Parliament-Funkadelic (P-Funk) was known for its science fiction storylines and spacey music. One of the crucial ingredients in the P-Funk stew was musical genius Junie Morrison. He also jazzed up the early Ohio Players albums (which featured this alien-looking bald woman as their cover model.) And his own solo albums are the bomb, including 1984's proto-electronica Evacuate Your Seats. If you've ever grooved to "The Funky Worm," "(Not Just) Knee Deep" or "One Nation Under A Groove," then you're a Junie fan already. He's also starting his own funky social networking site, IAmNation. He talks to us about the truth behind P-Funk and aliens.
P-Funk featured so many science fiction elements, from the Mothership and the Clones of Funkenstein to "Atomic Dog." Where did the science fiction themes in P-Funk music come from?
To my knowledge, the early P-Funk scifi themes grew out of George and Bootsy's reported encounter with a UFO, somewhere out in the forest. I have no idea what they were doing in the forest but they have said that the encounter was so close, that it would have a lasting effect on them both. Of course, most of us musicians have either seen or been a UFO at some point in time during our careers, so a bit of sci-fi is bound to influence us.
The Parliament-Funkadelic stage show in the 1970s was super elaborate, with the Mothership landing and the giant skull and lots of weird costumes. Did you guys think of it as creating a scifi opera on stage?
In my opinion, the whole P-Funk stage show could be considered as the first mash-up, with many different concepts mixed in... outta space... outer space... skull rock... pop-gun funk... a few cloned meat loaf-isms and even some sexy underwater-underwear mishaps. It was quite an event to behold and to be a part of. I guess you could say "everything plus the kitchen sink" but the science fictional aspects seemed to impact and stay with our fans the most, throughout the years.
A lot of your late 70s songs, like "Musical Son," "Theme From The Black Hole" and "(Not Just) Knee Deep," have totally infectious synth hooks. Were you trying for a science-fictional sound?
As far as my creations, "Musical Son" and "(Not Just) Knee Deep" were concerned, I would consider these songs to be based more on sci-fact, plotted against a grid that utilized my roots in Deep Funk/Jazz and Gospel. My guess is that the main reason the synth hooks sounded so different and futuristic was because the Moog gave an other-worldly vibe to what was mostly, up until then, a soundscape formed and upheld by non-fluidic aspects of analogue-esq instru-mentality. As such, there was very little fiction involved; it was really happening! Anyway, I always thought of a sci-fi synth sound to be more Theremin-like... perhaps something you would hear on Forbidden Planet or somewhat like the ARP sound from [the Ohio Players track] "The Funky Worm".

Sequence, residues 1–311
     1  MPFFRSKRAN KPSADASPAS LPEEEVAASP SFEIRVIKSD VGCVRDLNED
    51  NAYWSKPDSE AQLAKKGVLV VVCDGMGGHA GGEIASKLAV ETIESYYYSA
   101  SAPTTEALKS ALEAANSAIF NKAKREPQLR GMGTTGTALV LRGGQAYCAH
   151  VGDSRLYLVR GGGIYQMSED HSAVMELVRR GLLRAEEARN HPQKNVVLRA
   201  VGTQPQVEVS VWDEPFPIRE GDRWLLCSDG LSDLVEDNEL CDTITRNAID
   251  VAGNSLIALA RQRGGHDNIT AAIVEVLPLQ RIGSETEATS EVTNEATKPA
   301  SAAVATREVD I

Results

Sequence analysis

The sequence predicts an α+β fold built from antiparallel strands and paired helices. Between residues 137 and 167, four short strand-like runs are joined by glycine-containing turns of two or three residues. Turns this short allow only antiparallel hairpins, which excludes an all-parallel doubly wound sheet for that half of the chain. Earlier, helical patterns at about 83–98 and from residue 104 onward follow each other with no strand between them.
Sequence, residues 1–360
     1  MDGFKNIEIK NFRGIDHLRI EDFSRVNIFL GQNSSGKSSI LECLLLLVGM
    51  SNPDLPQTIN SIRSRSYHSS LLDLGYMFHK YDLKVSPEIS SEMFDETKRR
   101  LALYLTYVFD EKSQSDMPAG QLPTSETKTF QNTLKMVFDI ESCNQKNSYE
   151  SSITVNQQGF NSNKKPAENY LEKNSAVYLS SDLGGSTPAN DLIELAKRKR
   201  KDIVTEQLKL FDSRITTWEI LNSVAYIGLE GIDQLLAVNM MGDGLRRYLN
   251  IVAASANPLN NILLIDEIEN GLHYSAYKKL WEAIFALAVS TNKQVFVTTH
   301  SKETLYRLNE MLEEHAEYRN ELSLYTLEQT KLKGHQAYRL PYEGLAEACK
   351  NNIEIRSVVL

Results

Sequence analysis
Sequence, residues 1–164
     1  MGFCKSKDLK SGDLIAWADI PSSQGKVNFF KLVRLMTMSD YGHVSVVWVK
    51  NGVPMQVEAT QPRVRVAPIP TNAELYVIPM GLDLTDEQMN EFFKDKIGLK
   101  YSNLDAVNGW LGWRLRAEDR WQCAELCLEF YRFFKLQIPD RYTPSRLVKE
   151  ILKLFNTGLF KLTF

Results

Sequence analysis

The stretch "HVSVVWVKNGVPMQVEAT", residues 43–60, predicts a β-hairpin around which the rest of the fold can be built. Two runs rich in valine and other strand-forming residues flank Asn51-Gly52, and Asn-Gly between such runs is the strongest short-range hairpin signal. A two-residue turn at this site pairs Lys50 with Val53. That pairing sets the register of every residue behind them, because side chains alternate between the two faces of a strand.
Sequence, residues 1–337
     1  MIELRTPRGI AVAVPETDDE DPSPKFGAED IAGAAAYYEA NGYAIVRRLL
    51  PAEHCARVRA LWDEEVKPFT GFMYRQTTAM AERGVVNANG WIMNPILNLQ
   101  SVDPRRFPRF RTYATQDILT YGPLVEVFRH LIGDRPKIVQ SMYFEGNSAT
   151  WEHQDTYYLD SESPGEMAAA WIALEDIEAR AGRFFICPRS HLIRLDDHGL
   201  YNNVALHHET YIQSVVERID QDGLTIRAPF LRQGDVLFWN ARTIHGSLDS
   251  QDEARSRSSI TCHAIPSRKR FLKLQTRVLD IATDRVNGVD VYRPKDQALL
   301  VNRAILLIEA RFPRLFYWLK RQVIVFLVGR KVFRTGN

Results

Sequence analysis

What made you decide to go all electronic with 1984's Evacuate Your Seats? Were you influenced by European techno music of that time?
I was compelled to make the project electronic. Evacuate Your Seats was happening for me, at the perfect time and represented the best opportunity for trying something different. I have never liked the idea of saying "this is my sound and I'm sticking with it". So, Evacuate caught me at a time when massive samplers were first being built and the Synclavier was the weapon of choice for any serious experimental keyboardist. Just check out some of the Zappa stuff.
These instruments were big, bulky and very expensive at that time. Case in point, a $10,000 sampler would only hold one 10 second sample so I had to use 15 of those devices for the Evacuate album. My Synclavier was another expensive monster and also used on the project.
To me, Evacuate did not sound like a European techno record. Maybe some might disagree, although I did like what the Europeans were doing with their music during that time. Evacuate occurred as a product of my own "new direction" into algorithmic sound and (simulated) computer sequencing. I say simulated because at the time of the recording, none of the gear would sync up together so most of the tracks had to be played and chopped up by hand.
Do you feel like you influenced today's electronic musicians?
I would like to think that there are some musicians who were and are still influenced by my electronics and synth work, aside from the rappers who used samples of my work.
For instance, since Evacuate was recorded in Detroit and was being played there quite a bit by DJs like The Electrifying Mojo, I did begin to see lots of youngsters catching on to the sound, some went on to become influential "musicians" in their own right and a style called Detroit Techno evolved soon afterwards. Perhaps there was some influence there, from Evacuate tracks like "Techno Freqs" and "Stick It In" but I can't say for sure.
What made you decide to start your own social networking site at iamnation.com?
By night-light, I have no choice but to become a super-mad funkateer with a half cape and a half-fro, so I guess you could say that IamNation is one of my respectable "digitized daytime job-style hobbies". IamNation is one of those internet projects that I've always wanted to create... especially since I caught wind of Livejournal a couple of years ago.
At the moment, membership at IamNation is by invitation only and just a few friends and I are using it for posting and messaging back and forth. One of the most famous of those friends is the fantastic P-Funk artist, Overton Loyd. Overton is also a contributer to the design of IamNation.
IamNation has recently turned 2 and I have now completed the forth upgrade to the system, so our members are just beginning to migrate over to the new site. I am also considering opening up a membership tier to the public, in the near future.